"I think the practice of architecture should focus on human interactions. Namely, to think not only of a space fulfilling an aesthetic function, but also to wonder: how this will help improve human interaction? We live in a very individualistic world in which the sense of community, face-to-face interaction, has been lost. Gradually, we have isolated ourselves from the public space, from living with the other. That is why I think it would be interesting to rethink this at the time of planning the cities of the future. Spaces should be open to dialogue, open to live with nature, should coexist with the environment and the people."
Psychologist in Culture & Talent at ArchDaily
"From my perspective as a psychologist, I think that the ability to work collaboratively between different areas (social anthropology or environmental sciences, for example) is very important to meet structural and cultural needs (multidisciplinary collaborative work). In addition, from a motivating point of view, it is very important to always be interested in looking for and learning new ways, new technologies such as virtual reality and big data, sustainability and the use of spaces. It is very important to have knowledge about the design and use of spaces, as well as how it affects our mental and psychological health. The way these spaces are designed has an impact on our lives, moving the way people think, learn and understand the world."
Head of Content at ArchDaily
"Every single designed space should be inclusive (from urbanism to private and public buildings)! We need to educate ourselves and our society through the spaces we inhabit and use every day until they become obvious and necessary, not "optional" for a specific group of people. This way architecture can change not only the physical world but our mindset and empathy."
Country Manager at ArchDaily Mexico
"Good architecture should be accessible to everyone. However, in a world that grows so quickly that self-construction is a reality, it becomes complex. On the other hand, if we focus our efforts in carrying the information and knowledge to more people –since we all need a space to inhabit– and we are concerned with guiding and accompanying both communities and groups, we can raise the quality of life. Although not everyone has access to an architect, I consider it is part of our responsibility to make that knowledge accessible."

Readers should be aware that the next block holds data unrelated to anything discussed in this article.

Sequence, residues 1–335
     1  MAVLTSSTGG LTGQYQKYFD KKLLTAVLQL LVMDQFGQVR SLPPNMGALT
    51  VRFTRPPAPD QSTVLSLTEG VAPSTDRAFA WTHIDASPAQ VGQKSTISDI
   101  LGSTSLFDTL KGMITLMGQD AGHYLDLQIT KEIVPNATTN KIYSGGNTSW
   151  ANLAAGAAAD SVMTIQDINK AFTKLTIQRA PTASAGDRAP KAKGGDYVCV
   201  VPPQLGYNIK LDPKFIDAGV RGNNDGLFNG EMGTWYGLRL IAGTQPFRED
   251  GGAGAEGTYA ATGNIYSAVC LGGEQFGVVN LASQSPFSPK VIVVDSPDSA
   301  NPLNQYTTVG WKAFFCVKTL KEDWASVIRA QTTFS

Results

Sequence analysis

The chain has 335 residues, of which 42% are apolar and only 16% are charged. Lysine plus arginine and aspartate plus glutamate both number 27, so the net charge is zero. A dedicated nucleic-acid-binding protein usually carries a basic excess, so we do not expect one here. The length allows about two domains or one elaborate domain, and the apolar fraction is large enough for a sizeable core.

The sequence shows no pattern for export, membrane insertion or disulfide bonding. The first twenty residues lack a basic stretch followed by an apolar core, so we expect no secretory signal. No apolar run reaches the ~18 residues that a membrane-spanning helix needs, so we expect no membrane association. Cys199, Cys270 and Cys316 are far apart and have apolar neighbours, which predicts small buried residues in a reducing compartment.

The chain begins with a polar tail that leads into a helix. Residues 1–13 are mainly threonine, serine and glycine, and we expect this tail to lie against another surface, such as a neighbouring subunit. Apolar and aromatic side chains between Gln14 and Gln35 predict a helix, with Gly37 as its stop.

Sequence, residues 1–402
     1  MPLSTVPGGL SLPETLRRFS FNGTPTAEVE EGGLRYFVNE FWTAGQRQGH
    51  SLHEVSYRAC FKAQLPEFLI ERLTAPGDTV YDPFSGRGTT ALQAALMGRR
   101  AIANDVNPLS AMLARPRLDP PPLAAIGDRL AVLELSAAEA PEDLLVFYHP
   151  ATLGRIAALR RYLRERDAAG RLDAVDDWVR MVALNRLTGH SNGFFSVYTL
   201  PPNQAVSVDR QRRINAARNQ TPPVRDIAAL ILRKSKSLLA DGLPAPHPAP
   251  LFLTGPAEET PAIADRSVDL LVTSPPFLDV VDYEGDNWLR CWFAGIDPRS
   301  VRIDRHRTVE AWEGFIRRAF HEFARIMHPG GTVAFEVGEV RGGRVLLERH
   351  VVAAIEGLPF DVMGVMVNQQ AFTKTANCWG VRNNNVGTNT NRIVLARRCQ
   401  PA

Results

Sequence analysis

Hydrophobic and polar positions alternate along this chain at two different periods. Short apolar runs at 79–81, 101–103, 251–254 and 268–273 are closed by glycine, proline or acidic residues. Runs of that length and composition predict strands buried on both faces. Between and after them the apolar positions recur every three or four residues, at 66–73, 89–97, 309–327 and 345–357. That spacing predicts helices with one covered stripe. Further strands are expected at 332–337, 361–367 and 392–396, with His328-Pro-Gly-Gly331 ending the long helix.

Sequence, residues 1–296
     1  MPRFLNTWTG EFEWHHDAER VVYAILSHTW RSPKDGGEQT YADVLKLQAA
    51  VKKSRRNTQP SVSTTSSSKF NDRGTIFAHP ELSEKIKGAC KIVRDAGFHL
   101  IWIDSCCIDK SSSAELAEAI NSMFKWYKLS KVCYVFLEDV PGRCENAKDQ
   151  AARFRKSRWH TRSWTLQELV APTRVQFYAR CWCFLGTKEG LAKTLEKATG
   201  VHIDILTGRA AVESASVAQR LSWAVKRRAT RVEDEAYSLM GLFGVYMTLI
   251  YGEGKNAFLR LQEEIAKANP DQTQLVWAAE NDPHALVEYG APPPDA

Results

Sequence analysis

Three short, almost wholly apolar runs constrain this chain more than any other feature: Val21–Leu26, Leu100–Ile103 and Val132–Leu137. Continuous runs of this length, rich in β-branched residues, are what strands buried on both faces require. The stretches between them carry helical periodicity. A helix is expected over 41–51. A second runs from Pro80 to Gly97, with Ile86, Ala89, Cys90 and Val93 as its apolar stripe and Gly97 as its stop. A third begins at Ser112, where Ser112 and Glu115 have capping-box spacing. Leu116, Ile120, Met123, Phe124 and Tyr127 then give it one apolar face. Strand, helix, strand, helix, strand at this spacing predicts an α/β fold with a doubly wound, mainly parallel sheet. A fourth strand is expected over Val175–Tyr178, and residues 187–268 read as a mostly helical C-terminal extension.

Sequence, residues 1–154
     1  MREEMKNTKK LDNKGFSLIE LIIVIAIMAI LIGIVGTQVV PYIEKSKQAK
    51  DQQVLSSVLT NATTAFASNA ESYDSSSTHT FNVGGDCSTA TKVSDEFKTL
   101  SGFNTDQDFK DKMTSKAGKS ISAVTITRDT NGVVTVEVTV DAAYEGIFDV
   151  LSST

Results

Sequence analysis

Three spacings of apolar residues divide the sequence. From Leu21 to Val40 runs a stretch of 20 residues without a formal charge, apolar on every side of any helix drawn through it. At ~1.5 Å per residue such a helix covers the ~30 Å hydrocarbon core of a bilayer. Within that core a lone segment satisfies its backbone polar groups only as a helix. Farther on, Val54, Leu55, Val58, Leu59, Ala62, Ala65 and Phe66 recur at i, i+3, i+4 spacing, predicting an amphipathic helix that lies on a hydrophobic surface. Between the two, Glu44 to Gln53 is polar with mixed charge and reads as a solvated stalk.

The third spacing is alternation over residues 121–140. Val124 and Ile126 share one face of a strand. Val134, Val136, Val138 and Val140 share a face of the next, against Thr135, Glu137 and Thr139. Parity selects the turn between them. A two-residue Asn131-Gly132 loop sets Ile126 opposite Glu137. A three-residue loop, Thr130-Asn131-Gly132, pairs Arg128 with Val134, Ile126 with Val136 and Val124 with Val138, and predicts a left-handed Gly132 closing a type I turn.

Customer Success Team Lead at ArchDaily
"Our practice should be constantly evolving as the needs of people moving to big cities are. The key for architecture to stay relevant in the future, on my perspective, is having the capability to address all users' needs by designing adaptable spaces able to fully transform & change on an effective and practical way as today, people execute all type of actions in one same space."
Projects Built Curator at ArchDaily
"Cities should focus on fostering a sense of community and belonging, by becoming more inclusive. Architecture should, therefore, create and boost new shared typologies and public spaces: accessible, safe and welcoming to everyone, with integrated facilities that allow overlapping activities and meaningful interactions."
Business Development Manager at ArchDaily
"The design of sustainable, eco-friendly spaces and projects that address its context are the future of architecture. Currently, the design of these spaces must be adapted to the technology we use day-by-day. Smart houses, offices and schools that facilitate our way of living are the future of spaces."
Projects Built Curator at ArchDaily
"Architecture should not lose focus on the people, on the inhabitants of the cities for which it is designed, offering urban design and architecture as a powerful tool to ensure the safety and inclusion of all within urban spaces. It should provide adequate meeting and recreation points to share, discuss and express ourselves. Thus, each person can feel part of the same community."
Editor's Note: This article was originally published on March 11, 2020.